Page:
Despite finding ‘serious and wide-ranging failings’, regulators decided against handing a big fine to the Co-operative Bank last week. That’s perhaps just as well given its battered balance sheet and recent performance.
Today the bank, now 80% owned by hedge funds after its near-collapse in 2013, announced its losses had almost tripled in the six months to June to £204m. That was mainly the result of ‘project costs’ of £101.9m spent on improving its systems, £49m of legal charges and £38.2m of losses on asset sales.
But its operating income was also down 23% to £236.5m, suggesting its malaise is more than just the result of short-term problems. Though he admitted the company would be ‘dominated by legacy issues for some time’, chief executive Niall Booker didn't sound too panicked.
‘We have come a very long way since June 2013 when our focus was to make sure the Bank avoided resolution and the need for financial support at the expense of the taxpayer,’ he said. ‘There remains much work ahead but the actions we are taking are creating a resilient bank that can standalone, distinguished in the marketplace by its values and ethics.’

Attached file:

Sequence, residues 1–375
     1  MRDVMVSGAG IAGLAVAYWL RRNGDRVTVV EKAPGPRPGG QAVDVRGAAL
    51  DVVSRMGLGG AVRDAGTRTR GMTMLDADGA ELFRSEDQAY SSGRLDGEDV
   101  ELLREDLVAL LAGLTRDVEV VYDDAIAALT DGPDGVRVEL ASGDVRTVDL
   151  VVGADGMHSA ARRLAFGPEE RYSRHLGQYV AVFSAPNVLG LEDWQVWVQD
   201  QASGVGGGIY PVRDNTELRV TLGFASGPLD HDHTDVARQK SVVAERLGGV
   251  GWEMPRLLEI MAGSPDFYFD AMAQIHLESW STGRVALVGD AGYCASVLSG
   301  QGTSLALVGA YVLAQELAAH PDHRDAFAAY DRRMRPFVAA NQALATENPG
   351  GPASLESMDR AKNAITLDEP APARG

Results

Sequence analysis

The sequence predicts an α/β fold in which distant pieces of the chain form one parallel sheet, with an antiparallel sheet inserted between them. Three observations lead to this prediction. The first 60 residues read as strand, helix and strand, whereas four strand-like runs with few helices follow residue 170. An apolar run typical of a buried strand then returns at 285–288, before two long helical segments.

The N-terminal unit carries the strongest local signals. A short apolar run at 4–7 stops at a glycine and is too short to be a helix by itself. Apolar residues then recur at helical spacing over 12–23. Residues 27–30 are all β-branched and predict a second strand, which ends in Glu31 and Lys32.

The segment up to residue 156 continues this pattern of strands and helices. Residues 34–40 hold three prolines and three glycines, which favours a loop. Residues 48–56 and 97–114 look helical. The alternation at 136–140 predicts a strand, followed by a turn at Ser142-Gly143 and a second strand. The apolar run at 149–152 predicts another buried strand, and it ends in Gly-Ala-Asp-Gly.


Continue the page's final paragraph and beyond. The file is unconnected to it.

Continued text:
And to be fair there are signs of hope. Since its crisis hit, the bank has raised an additional £1.9bn of core tier one capital, and its net interest margin, comparable to a retail company’s net profit margin, increased by 0.12% in the last six months to 1.32%. It has also arrested a dramatic drop in customers: a net 2,250 account holders left the business in the period, compared to more 66,000 at the same time last year. That's still the wrong direction, of course.
The bank's recent ticking off by the Financial Conduct Authority was about more than numbers though – it also laid bare a ‘culture which encouraged prioritising the short-term financial position of the firm at the cost of taking prudent and sustainable actions for the longer-term.’
Booker said that many of the problem’s raised in the report have been addressed, but admitted, ‘the biggest challenge will be changing some aspects of the culture of the organisation and, although there are early signs of encouragement, this is a process that will take some time.' With the bank's finances and reputation in the state they are, he'd better get a move on.